GGMC has been running parallel treasury to circumvent parliament scrutiny – Goolsarran

Former Auditor General Anand Goolsarran says that the Guyana Geology and Mines Commission (GGMC) has been running a parallel treasury by virtue of its spending of $8.3 billion over the last three years for various government projects without parliamentary oversight.

The disclosure of the expenditure came as the GGMC defended a controversial $3 billion loan agreement with the Central Housing and Planning Authority. That loan has been deemed to be in contravention of the GGMC Act by Goolsarran and others including commentator Christopher Ram. It is unclear if the loan is proceeding.

In his accountability column in yesterday’s Stabroek News, Goolsarran noted that in its attempt to defend the loan, the GGMC had disclosed that there were 32 other instances in the last three years where monies totalling $8.388 billion were either transferred to or applied in support of other agencies. Goolsarran noted that the expenditure pertained to the period during which Parliament was controlled by the combined opposition, and that in order to avoid parliamentary scrutiny for any proposed expenditure, funds from the GGMC were used.

“GGMC therefore assumed the role of another parallel Treasury, and is therefore complicit in the Administration’s deliberate attempt to undermine the role of the Legislature to decide on budgetary allocations. It is relevant to note also that the only payments made prior to 2011 were to the Consolidated Fund where amounts totalling … $4.8 billion were transferred during the period 2006 – 2011.”

Goolsarran charged that the circumvention of parliamentary approval to enable expenditure on government programmes and activities prevents the related expenditure from being captured in the public accounts.

“This will result in not only a significant under-reporting of expenditure but also the absence of an audit being performed on such expenditure. There is therefore an issue of the proper accountability of the funds transferred to other State agencies,” Goolsarran added. He said that it is also unclear whether certain expenditures were incurred by the GGMC per se and whether they were reflected in the accounts of GGMC.

Transfers to the Consolidated Fund would be the way for the GGMC to go, Goolsarran said, since it would then have recourse to the Fund in the event of a deficiency, as provided for by Sections 6(3) and 20(2) of the Act. He said that it follows that any accumulated surplus after retaining a reasonable amount as reserves should be transferred to the Consolidated Fund.

One of the transfers from the GGMC was for $1.352 billion to the Ministry of Public Works. “…surely the Permanent Secretary ought to have been aware that only funds approved by the Legislature should be used to incur expenditure, as provided for under Article 217(3) of the Constitution.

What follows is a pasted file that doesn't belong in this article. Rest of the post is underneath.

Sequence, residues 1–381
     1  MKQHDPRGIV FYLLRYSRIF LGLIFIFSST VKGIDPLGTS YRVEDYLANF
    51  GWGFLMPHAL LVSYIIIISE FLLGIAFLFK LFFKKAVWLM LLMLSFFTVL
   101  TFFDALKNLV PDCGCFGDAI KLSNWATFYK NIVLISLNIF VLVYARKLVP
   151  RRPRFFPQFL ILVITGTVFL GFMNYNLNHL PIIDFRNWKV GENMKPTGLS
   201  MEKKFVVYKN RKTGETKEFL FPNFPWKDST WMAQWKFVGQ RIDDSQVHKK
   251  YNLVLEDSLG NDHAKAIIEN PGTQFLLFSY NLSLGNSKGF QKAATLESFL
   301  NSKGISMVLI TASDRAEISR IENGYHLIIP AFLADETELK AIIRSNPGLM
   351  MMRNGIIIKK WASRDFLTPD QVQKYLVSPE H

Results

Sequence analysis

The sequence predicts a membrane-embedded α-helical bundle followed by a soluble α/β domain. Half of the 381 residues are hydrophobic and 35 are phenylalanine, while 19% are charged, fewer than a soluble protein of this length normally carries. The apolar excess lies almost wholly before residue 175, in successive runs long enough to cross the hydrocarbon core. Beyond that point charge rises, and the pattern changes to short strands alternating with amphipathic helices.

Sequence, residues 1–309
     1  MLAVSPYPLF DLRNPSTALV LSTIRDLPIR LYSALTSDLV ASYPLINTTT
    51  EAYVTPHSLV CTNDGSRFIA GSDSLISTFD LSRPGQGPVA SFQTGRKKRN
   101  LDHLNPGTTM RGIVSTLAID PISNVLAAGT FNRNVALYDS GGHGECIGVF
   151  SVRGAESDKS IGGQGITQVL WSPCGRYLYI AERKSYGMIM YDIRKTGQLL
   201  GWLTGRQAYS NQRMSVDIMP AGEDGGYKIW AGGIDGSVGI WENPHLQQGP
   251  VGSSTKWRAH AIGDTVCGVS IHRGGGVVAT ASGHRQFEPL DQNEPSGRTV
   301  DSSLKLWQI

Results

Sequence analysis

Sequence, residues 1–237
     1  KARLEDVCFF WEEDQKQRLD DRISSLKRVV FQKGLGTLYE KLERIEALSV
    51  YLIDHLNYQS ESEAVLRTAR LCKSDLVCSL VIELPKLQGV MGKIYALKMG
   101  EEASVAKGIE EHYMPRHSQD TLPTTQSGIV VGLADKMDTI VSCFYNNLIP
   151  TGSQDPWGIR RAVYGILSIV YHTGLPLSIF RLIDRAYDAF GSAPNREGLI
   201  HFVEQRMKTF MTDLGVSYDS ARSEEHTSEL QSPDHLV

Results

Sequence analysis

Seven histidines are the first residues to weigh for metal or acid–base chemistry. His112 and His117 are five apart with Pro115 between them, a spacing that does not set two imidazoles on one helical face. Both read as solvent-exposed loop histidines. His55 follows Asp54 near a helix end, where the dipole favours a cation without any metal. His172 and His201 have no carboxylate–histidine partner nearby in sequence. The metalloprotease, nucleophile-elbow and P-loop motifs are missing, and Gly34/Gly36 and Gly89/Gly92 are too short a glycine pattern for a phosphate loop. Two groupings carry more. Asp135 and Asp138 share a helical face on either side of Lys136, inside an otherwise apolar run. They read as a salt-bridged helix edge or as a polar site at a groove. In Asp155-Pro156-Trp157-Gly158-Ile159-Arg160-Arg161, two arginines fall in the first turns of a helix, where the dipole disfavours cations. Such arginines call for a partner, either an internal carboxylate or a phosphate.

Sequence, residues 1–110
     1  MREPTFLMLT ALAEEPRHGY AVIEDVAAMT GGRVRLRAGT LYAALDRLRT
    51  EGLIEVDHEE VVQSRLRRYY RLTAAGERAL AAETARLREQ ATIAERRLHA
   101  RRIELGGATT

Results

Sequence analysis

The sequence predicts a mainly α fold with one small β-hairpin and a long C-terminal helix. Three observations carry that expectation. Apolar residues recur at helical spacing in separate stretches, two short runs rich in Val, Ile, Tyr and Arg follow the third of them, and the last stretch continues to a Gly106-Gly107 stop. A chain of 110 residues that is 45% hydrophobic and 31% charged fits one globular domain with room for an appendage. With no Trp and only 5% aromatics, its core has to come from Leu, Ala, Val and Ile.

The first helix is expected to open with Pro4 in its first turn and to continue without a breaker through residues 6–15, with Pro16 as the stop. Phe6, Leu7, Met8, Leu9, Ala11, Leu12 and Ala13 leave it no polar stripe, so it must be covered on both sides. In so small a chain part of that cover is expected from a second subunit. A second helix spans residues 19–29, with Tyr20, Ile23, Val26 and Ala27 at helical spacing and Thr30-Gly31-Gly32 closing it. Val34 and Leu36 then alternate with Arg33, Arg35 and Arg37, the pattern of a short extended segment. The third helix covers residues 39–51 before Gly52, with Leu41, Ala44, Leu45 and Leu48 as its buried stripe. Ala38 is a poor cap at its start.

That sub-article states that `No moneys shall be withdrawn from any public fund other than the Consolidated Fund unless the issue of those moneys has been authorized by or under an Act of Parliament.’” Goolsarran said that similar observations can be made in respect of the Permanent Secretaries of the Office of the President (under which the Environment Protection Agency falls); and Office of the Prime Minister in relation to transfers made to improve electricity supply in the hinterland areas.

“GGMC has acted improperly and in violation of Article 217(3) of the Constitution by transferring funds to other State agencies to meet expenditure, or to incur expenditure on behalf of other State agencies. This action undermines the authority of Parliament to approve of expenditure on government programmes and activities, especially during a period when the Administration’s budgets were being carefully scrutinized by the Opposition-controlled Legislature,” Goolsarran declared.

He said that the GGMC’s action also calls into question the extent to which its board is allowed to function without interference from the political directorate.

“Or, were they handpicked loyalists following slavishly the orders of their masters?” he queried.

He said that GGMC needs to revert to what it did in the pre-2011 period and transfer excess monies to the Consolidated Fund to enable the Legislature to decide on budgetary allocations for government departments and agencies. He warned that accounting officers also need to be careful in ensuring that Article 217(3) of the Constitution is upheld. Failure to do so, he said, can result in their being held personally liable.

The figure transferred by the GGMC over the three-year period is greater than the $4.5 billion that the High Court recently ruled that Finance Minister Dr Ashni Singh had illicitly expended last year.








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